Her crisis outside Conscience Point may end up costing Lizzie Grubman plenty. But her freedom? No one’s seriously thinking that’s what’s at stake – except, that is, for her lawyers. Jail is very much on the minds of the people in the Grubman camp. They believe that there’s been a rush to judgment, motivated partly by Suffolk County politics and class issues. And so they’re making with renewed vigor a case they feel should be obvious: It was an accident. “If anyone would think the story through,” says Stephen Scaring, one of two Long Island lawyers handling Grubman’s case, “they would see that the vehicle she was driving had 325 horsepower. It’s probably the most powerful SUV in the world. If she really did what the bouncer said – that is, she intended to back into the crowd – she would have taken the building down. This was clearly an accident. We’re hoping that at the end of the day, everybody sees that.”
Scaring’s point of view might make good financial sense to the victims as well. “The people who are injured are quite rightfully going to find lawyers to sue,” says one source with knowledge of the case. “Which, frankly, Allen Grubman Lizzie’s high-powered-lawyer father would like, because he knows the only way to solve the problem is to pay everybody who got hurt. That’s the only way to end it. If you have a broken ankle, you’ll be mad. But if you have a broken ankle and a big check, you’re not nearly as mad.”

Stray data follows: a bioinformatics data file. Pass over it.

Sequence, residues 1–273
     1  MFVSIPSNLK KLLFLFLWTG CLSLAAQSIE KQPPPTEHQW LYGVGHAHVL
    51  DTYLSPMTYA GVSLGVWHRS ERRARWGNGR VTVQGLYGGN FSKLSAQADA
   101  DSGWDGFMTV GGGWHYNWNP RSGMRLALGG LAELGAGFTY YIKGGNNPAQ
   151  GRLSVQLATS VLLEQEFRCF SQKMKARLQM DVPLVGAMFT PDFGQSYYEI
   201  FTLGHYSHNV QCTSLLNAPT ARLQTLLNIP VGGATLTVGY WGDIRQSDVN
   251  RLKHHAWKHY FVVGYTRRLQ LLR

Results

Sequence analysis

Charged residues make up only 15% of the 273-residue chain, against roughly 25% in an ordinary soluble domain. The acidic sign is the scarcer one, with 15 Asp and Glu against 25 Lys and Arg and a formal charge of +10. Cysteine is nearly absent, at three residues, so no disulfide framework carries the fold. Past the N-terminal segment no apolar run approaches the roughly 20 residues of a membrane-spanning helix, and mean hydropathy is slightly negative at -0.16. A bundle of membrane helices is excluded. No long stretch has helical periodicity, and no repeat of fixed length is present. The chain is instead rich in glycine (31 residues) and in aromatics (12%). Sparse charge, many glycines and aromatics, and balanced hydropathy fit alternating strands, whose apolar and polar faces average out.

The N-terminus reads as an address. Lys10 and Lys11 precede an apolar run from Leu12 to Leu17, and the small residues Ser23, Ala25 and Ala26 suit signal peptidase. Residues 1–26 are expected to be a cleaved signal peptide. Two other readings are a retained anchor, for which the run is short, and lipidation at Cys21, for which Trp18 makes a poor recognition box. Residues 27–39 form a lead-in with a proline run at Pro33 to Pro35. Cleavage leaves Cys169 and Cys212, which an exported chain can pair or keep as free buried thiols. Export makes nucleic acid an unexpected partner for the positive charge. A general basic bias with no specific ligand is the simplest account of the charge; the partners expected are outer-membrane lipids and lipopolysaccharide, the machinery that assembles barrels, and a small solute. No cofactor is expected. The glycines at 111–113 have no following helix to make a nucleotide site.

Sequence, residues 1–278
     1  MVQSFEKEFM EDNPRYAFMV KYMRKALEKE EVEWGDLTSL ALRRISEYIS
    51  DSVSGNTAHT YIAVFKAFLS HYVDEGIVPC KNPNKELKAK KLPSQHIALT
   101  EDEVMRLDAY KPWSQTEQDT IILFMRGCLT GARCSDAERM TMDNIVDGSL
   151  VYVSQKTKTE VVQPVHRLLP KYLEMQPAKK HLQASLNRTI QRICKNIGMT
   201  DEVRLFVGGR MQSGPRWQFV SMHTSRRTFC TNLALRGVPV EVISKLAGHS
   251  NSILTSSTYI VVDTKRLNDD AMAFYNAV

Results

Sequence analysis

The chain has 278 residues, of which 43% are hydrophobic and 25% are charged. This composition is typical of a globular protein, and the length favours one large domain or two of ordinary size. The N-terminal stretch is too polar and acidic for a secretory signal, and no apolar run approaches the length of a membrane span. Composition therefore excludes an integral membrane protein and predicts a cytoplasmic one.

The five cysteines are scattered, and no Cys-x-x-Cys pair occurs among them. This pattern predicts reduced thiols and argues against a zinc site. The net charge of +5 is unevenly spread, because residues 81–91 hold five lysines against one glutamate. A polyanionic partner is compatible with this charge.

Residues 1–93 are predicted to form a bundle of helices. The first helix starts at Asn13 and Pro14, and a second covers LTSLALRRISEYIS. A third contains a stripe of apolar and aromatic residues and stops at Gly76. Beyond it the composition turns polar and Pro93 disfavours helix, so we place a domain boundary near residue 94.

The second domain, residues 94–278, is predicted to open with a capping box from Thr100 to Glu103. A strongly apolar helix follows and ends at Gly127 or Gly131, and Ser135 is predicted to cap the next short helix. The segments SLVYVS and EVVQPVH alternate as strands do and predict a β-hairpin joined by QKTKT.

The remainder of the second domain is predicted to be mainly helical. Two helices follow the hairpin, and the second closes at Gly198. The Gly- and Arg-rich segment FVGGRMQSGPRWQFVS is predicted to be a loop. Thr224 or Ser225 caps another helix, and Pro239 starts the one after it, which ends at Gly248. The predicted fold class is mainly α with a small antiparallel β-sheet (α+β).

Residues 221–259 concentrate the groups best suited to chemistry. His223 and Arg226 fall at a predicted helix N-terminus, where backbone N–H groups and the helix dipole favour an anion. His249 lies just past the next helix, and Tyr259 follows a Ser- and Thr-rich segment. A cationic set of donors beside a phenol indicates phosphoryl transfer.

In other words, the interests of the Grubmans and the victims are actually quite similar. “I think it’s to all their benefits for it to be found to be an unintentional act, so insurance will cover it,” says a prominent Long Island lawyer. “I’m sure this doorman, Scott Conlon, who gave a statement that it was intentional, his lawyer’s probably going to tell him to reconsider.”
The problem is that Suffolk County district attorney James Catterson, up for re-election in a heavily Catholic, law-and-order county, is pushing for a criminal indictment. And the speed at which he’s doing it is making it difficult for Grubman’s team to put forth a reasonable “accident” argument and to try to settle with the victims.
It’s hard to find anyone in Manhattan who believes that Grubman intentionally gunned her car into the crowd – but many are realizing just how far Suffolk County really is from Manhattan.
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